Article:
By Ashley Hunt
Last night, the American people saw the first matchup between our two major parties’ nominees – Secretary Hillary Clinton and Mr. Donald Trump. The much-anticipated rivalry was expected to break records for the most watched presidential debate ever with an expected 80 million viewers, compared to the 67 million that tuned in for the Romney-Obama debate.
In an office like LS2group, filled with political junkies on both sides of the aisle, the morning after a debate is always buzzing with talk of winners and losers, favorite one-liners, and breakdown analyses of policy and oratory skills.
Today, traditional and social media are abuzz with a Clinton win, but for me there wasn’t a clear winner or loser last night. One thing was clear though – the debate, in all, was underwhelming, and I don’t think we’ll see the polling shift too much either way in the coming days as a result.
Trump did a decent job of sounding “presidential” in the first half of the debate. He did a lot of talking (maybe too much), including quite a bit of interrupting Clinton in the first half, but largely kept his cool, unexpected for the candidate who’s known to be off-script and loud. That wasn’t quite the case in the second half, when he let Clinton push his buttons and we saw pieces of the Trump we came to know during the primaries.
In contrast, Clinton, who nearly always sounds “presidential” when speaking, stayed calm throughout the entire debate. Certainly, this was not the nasty matchup viewers were expecting, which is a good thing for both candidates. It was clear Clinton’s strategy was to appear as the calm, collected, and sane alternative to Trump, who has a reputation for going rogue and spewing outrageous statements.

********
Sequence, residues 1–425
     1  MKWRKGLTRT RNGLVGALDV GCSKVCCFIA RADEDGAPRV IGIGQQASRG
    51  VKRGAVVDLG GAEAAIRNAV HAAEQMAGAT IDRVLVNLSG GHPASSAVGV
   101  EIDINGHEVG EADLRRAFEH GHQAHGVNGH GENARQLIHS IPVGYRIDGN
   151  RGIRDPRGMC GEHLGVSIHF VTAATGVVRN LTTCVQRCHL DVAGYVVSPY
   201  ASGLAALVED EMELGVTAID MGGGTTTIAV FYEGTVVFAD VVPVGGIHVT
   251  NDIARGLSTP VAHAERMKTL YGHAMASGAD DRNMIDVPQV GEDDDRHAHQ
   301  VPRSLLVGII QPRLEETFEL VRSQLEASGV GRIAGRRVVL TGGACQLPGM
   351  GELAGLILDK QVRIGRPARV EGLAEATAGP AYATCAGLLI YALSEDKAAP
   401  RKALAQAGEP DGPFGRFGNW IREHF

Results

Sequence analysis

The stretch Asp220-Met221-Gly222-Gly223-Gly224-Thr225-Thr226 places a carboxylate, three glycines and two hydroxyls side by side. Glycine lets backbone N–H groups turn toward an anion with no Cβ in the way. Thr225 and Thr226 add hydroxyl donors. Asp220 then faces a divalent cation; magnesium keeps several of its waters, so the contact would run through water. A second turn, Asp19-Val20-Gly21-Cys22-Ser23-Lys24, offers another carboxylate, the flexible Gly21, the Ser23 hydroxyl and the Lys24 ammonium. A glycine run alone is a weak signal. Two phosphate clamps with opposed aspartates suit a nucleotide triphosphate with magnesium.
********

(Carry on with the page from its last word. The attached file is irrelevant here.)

Although calm and collected in oratory skills, Clinton’s nonverbal cues threw me off in the first half. She came off smug and condescending with her facial expressions, which wasn’t something I’d seen from Clinton, yet. These were mostly toned down in the second half, which might be why I felt she really shone in the last part of the debate.
Clinton, cool despite a few nasty remarks from Trump and her nonverbal cues, may have appeared to many viewers as the sane alternative to Trump, but for me, it was a little dull. There were several times that she could, and should, have had breakthrough moments and rallied her followers – but we didn’t see much of that in the entire 90 minutes.
In fact, there were very little applause lines at all. The first notable applause line came 59 minutes into the debate, when Clinton said she had prepared to be president and that was a good thing. Trump’s first notable applause line wasn’t until 9:34 p.m. (four minutes after the debate was scheduled to end), when he noted that Clinton had the experience to be president, but it was bad experience – perhaps his best moment of the night.
Trump did a good job sticking to this message throughout the debate, earlier commenting on Clinton’s 30-year stint in politics – a clear nod to his anti-establishment followers. We saw it again later in the debate, when he called Clinton a “typical politician,” with “all talk, no action.” Trump’s success thus far has been attributed to his status as an outsider, and clearly associating Clinton as a D.C. insider was a win for him.
In terms of the moderator, Lester Holt was average at best. He let the candidates speak too long and couldn’t control them – and he asked the tough questions to Trump (questions about his tax returns and Obama’s birth certificate) but didn’t give Clinton the same tough questions. Where were the questions on the Clinton Foundation and Clinton’s “deplorables” comment? It’s my hope the next moderator will control the candidates and ask the tough questions to both candidates.
The first debate didn’t have any breakthrough moments, and even undecided voters probably didn’t leave with a clearer picture. We saw, as usual, a clearly prepared Clinton versus a wing-it-and-run-with-it Trump. Although entertaining enough for political junkies like the LS2groupies in my office, I’m guessing a few people tuned out when they realized we weren’t going to witness a fiery throw-down between the two candidates. And to those that did tune out, don’t worry – you didn’t miss much.
*Editors note: I am a registered Republican who is an undecided voter for the 2016 presidential election. This blog was written with as little bias as possible. The above summary reflects my personal opinion and does not represent the views of LS2group or my colleagues.